The Many Ways To Graduate During A Pandemic
The COVID-19 crisis has canceled milestones for countless people. Weddings have been pushed back, memorials modified for social distancing and some funerals made digital.
High school graduation is a milestone that may feel a little different for students after e-learning for their final months. In early May, the Illinois State Board of Education made a statement saying schools were not to have typical in-person ceremonies. The board also gave guidelines on how schools can still celebrate.
Jeanelle Phipps’ daughter is graduating from Plano High School this year. When schools first shut down, she made her a promise.
“I might not be able to make the stage walk happen, but I am able to make something happen on the day that her class graduates, for them all to celebrate,” she said.
Plano High School postponed their graduation ceremony for now. So Phipps took it upon herself to organize a car parade for seniors. She created a Facebook page and started reaching out and soon had over 70 cars signed up.
“We are going out to put the parade route and the information for the parade up around local gas stations as long as they will let us,” said Phipps.
She secured the route with local police, and students in their cap and gowns inside decorated cars paraded through Plano.
Plenty of schools are going completely digital for their ceremonies. Hinckley-Big Rock recently streamed its own virtual graduation on YouTube.
Travis McGuire is the superintendent. He says they were really happy with how it went and that they replicated as much as they could from the in-person version.
Students still had their name called, their honors listed and a picture of them shown. There were speeches as well, including one from McGuire, who wanted students to see some of the lessons that can come out of the pandemic.
“What we want you to do is learn how to persevere and certainly you've learned that over the past couple months,” said McGuire.
No graduation ceremony would be complete without everyone tossing their caps in the air at the end. That’s a bit of a challenge digitally, but they made a version of it work with some video editing magic.
“The next person had their cap tossed to them, they put theirs on, move their tassel on and pass it on to their classmates. So it went through the entire class,” he said.
Over at Dixon High School, the principal and administration wanted to take a democratic approach. Margo Empen is the superintendent at Dixon.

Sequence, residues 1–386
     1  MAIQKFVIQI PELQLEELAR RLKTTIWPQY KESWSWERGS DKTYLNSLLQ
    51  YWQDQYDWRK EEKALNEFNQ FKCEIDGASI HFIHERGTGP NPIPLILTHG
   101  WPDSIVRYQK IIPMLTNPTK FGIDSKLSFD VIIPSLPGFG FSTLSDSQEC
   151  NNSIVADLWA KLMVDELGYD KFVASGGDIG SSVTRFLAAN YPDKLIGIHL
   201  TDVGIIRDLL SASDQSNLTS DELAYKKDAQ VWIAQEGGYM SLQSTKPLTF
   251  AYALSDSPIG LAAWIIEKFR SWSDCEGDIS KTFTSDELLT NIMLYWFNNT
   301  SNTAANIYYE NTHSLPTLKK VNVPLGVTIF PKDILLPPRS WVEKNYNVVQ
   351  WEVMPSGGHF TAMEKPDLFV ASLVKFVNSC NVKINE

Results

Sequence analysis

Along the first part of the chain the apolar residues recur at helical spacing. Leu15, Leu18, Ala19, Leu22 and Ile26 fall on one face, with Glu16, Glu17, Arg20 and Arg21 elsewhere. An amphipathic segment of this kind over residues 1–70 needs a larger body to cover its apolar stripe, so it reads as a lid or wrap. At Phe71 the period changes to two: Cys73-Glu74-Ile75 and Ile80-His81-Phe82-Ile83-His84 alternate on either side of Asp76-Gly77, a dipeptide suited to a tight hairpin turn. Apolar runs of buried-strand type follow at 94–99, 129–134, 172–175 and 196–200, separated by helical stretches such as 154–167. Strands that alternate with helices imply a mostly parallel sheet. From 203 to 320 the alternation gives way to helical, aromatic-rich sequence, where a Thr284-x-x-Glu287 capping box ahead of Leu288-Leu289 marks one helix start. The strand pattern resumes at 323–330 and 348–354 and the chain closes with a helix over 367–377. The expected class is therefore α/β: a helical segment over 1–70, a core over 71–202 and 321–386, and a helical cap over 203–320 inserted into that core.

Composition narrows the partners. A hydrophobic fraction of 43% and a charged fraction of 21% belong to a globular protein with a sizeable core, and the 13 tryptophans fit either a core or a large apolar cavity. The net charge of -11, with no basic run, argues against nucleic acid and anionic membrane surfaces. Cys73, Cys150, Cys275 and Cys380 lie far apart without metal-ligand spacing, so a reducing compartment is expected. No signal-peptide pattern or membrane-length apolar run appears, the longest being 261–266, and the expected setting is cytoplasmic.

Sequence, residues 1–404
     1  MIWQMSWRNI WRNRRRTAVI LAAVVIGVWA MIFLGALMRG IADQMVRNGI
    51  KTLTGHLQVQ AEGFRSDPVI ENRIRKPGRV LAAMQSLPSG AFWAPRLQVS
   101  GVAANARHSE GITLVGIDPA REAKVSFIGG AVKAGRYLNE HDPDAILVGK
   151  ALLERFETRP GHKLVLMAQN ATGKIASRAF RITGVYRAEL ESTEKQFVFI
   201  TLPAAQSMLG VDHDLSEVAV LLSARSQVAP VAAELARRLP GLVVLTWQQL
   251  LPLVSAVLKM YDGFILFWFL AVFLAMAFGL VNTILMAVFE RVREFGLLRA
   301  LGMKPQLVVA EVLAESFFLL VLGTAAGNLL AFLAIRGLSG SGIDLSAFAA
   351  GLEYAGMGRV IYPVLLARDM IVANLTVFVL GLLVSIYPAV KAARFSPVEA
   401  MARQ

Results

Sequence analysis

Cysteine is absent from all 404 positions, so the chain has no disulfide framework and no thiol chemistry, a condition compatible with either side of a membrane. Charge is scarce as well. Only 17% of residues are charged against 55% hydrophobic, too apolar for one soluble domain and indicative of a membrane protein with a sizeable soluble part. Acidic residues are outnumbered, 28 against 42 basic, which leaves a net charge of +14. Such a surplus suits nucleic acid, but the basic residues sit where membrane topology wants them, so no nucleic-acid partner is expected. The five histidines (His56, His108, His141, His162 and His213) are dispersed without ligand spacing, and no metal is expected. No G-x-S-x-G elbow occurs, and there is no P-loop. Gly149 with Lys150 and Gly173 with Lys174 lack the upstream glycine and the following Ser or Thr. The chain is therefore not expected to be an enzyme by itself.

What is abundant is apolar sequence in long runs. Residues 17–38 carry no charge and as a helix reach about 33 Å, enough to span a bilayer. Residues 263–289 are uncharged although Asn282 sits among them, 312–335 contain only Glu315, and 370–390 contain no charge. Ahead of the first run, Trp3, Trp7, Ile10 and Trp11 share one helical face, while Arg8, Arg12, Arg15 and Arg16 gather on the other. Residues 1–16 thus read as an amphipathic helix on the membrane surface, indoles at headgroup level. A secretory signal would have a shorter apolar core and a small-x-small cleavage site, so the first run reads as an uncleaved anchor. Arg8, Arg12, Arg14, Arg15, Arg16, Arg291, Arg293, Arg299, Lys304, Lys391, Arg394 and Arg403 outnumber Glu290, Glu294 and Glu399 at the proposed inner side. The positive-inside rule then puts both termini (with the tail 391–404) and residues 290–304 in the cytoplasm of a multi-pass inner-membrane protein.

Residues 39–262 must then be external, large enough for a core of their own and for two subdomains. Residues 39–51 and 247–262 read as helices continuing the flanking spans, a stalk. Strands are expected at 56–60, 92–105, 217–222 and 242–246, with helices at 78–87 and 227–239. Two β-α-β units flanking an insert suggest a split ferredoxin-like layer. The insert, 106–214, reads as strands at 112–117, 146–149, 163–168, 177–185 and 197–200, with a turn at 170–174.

“He put all of those options out to our seniors and said, this is your day. This is your culmination. So he let them vote,” said Empen.
They voted to try to bridge the gap between digital and physical ceremonies. Over the course of a few weekends, at a time each had scheduled, students would come to the school in person.
“They will actually come to the high school in their cap and gown, they will walk across the stage, they will get their diploma, they will be photographed,” she said.
During their time slot, they were the only people allowed in the school along with a few family members, the principal and a photographer. It had to be less than 10 people to comply with the state’s orders. Everyone had to wear masks and maintain social distancing.
They weren’t even allowed to shake the principal’s hand. But every walk across the stage is recorded and being spliced into a full graduation ceremony that they’ll post in one long video.
Margo Empen was excited that it could all come together. She says the school, students and families had to adhere to those state board restrictions and also consult with the Lee County Executive Committee. The group is made up of leaders the county health department and local hospitals -- who gave the plan an “A-OK.”
“They said it if the State Board (of Education) and the governor and that IDPH and that are okay with it, so are we,” said Empen.
Many high schools still want to host an in-person graduation ceremony over the summer. But, it’s still unclear from a health and safety standpoint if that could even happen. Or, if it could, what it would actually look like?
In Plano, Jeanelle Phipps says she thinks some students don’t think it’s going to happen.
“A lot of them feel like they're never going to get to walk that stage,” she said.
Even during a health crisis, important life milestones don’t stop coming. People want to recognize them. And Phipps -- and others like her -- are happy to celebrate their family and graduates in whatever way they can -- even if it’s from a distance.